- Do not view the position as a power trip or a chance for personal
- Are willing to delegate tasks and listen to others' opinions.
- Are organized and can conduct meetings efficiently.
- Don't get discouraged easily.
- Don't stop at prevention - have a long-range vision for community
Motivating leaders(and Other Volunteers)
- Hold special training events. Look to police departments, community
action and social service organizations, religious institutions,
colleges, business associations, schools, and youth organizations
- Communicate with them often. A volunteer will burn out quickly
if he or she feels left out of the action.
- Provide public recognition through awards and articles in newsletters
- Issue certificates of appreciation from the mayor or chief law
- Organize a coalition of Neighborhood Watch captains so leaders
can learn from each other and join forces to address community-wide
- Always look for emerging issues that could affect the community's
quality of life.
While the motivation of leaders is critical in volunteer management,
the average participant is what these programs are all about.
Some communities are harder to organize than others. High crime areas
can be difficult due in part to fear and suspicion. In these neighborhoods,
encourage interested citizens to work through organizations they trust,
such as churches or tenant groups. Emphasize the opportunity to address
community needs and the importance and effectiveness of crime reporting.
Members of any organization are motivated by factors like achievement,
recognition, responsibility, and pride in their work and in the
goals of the group.
- Organize around the positive.
- Personalize involvement.
- Emphasize success.
- Don't emphasize fear.
- Don't make large demands on time.
- Share results.
- Keep program convenient and in the neighborhood.
Mobilizing Community Resources
Community businesses and organizations offer numerous resources
for crime prevention programs. Look to:
- Religious institutions for meeting space, copying services,
and access to volunteers.
- Service clubs and businesses for partnerships in fundraising
- Libraries for research materials, videos, computers, and meeting
- Printing companies for free or discounted service for newsletters,
fliers, and certificates.
- Parent groups, volunteer centers, and labor unions for advice
on organizing and recruiting volunteers.
- Local media for publicity. Senior centers and schools for facilities
When Your Neighborhood is Multicultural
The United States has experienced a dramatic increase in cultural and
ethnic diversity in the last decade. An estimated 19.7million persons-just
under 8 percent of the population- were foreign-born. Never before have
so many immigrants lived in this country. This wave of immigration has
spread unevenly throughout the nation, with the Northeast and West experiencing
far greater increases in foreign-born residents than the Midwest and South.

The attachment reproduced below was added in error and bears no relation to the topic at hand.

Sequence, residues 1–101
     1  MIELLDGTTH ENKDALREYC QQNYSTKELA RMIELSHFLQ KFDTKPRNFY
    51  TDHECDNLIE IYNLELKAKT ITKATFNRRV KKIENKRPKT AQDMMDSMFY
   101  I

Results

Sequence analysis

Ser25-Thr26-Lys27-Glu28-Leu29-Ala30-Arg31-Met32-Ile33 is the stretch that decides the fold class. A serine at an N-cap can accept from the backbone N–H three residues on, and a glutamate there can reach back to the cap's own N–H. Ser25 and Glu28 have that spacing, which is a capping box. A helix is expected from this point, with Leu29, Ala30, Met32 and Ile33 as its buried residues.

Organizing a Neighborhood Watch in a multicultural community poses
unique challenges. Recent immigrants may not speak English, and
many may still be adjusting to life in this country. Disputes or
misunderstandings can erupt between neighbors of different cultures,
races, and ethnic backgrounds. Cultural conflicts arise because
two groups of people have established different values, different
standards of acceptable behavior, different traditions and communication
patterns, and different ideas about such things as dress and attitude.
Often, the hardest thing for everyone to learn is that different
does not always equal wrong or improper.
When working with individuals raised in different cultures, you
need to consider such things as:
- Their length of time in the United States.
- English or other language skills.
- Possible distrust of law enforcement, stemming from a fear
of people in uniform and in government offices based on experiences
in their native country.
- Educational level and social class (especially the social class in
the native country for immigrants and first-generation residents).
- Role expectations for males and females, parents, grandparents,
- Religious and ethical values.
- Rules and expectations for interpersonal relationships.
- Ways to share and get to know cultural differences by hosting
international: potluck dinners: youth performances; musicals,
and oral histories by elders.
When You Start To Organize
Determine the ethnic groups of
non-English speaking residents
and what language they speak.
Then look to local government
agencies, private advocacy and
service organizations, religious
institutions, mediation services,
and other groups experienced in
dealing with immigrants for
help. A translator is essential
when you hold a Neighborhood
Watch or crime prevention
meeting. Learn to speak slowly
and to establish rapport with
the translator. Print materials
in different languages if possible.
Don't be discouraged. In talking
about his efforts to organize
Neighborhood Watch presentations
in ethnically diverse Modesto,
California, crime prevention
officer David Huckaby
says, "It's tough, but Asians-
Cambodians, Lao, and Hmong
-and Hispanics are very interested
in crime prevention information."
Return to Crime Prevention Tips
Crime Prevention Tips Provided by:
National Crime Prevention Council